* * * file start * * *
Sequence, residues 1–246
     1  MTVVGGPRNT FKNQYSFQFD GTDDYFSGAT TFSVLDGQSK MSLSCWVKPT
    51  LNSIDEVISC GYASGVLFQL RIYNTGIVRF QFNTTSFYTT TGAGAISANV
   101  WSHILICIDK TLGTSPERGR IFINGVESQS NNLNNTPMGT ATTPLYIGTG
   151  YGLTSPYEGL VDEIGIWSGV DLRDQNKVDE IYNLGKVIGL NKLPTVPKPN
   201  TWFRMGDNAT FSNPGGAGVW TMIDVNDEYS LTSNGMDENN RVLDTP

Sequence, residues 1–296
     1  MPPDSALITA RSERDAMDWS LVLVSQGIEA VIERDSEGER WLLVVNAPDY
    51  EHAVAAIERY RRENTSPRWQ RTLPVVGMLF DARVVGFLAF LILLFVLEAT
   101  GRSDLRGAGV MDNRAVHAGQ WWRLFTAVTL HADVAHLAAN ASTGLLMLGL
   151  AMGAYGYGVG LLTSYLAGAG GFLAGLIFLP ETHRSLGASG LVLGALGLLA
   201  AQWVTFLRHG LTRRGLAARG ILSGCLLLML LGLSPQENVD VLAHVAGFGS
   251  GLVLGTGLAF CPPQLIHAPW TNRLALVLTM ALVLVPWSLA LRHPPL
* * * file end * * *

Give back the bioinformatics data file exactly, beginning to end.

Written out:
Sequence, residues 1–246
     1  MTVVGGPRNT FKNQYSFQFD GTDDYFSGAT TFSVLDGQSK MSLSCWVKPT
    51  LNSIDEVISC GYASGVLFQL RIYNTGIVRF QFNTTSFYTT TGAGAISANV
   101  WSHILICIDK TLGTSPERGR IFINGVESQS NNLNNTPMGT ATTPLYIGTG
   151  YGLTSPYEGL VDEIGIWSGV DLRDQNKVDE IYNLGKVIGL NKLPTVPKPN
   201  TWFRMGDNAT FSNPGGAGVW TMIDVNDEYS LTSNGMDENN RVLDTP

Sequence, residues 1–296
     1  MPPDSALITA RSERDAMDWS LVLVSQGIEA VIERDSEGER WLLVVNAPDY
    51  EHAVAAIERY RRENTSPRWQ RTLPVVGMLF DARVVGFLAF LILLFVLEAT
   101  GRSDLRGAGV MDNRAVHAGQ WWRLFTAVTL HADVAHLAAN ASTGLLMLGL
   151  AMGAYGYGVG LLTSYLAGAG GFLAGLIFLP ETHRSLGASG LVLGALGLLA
   201  AQWVTFLRHG LTRRGLAARG ILSGCLLLML LGLSPQENVD VLAHVAGFGS
   251  GLVLGTGLAF CPPQLIHAPW TNRLALVLTM ALVLVPWSLA LRHPPL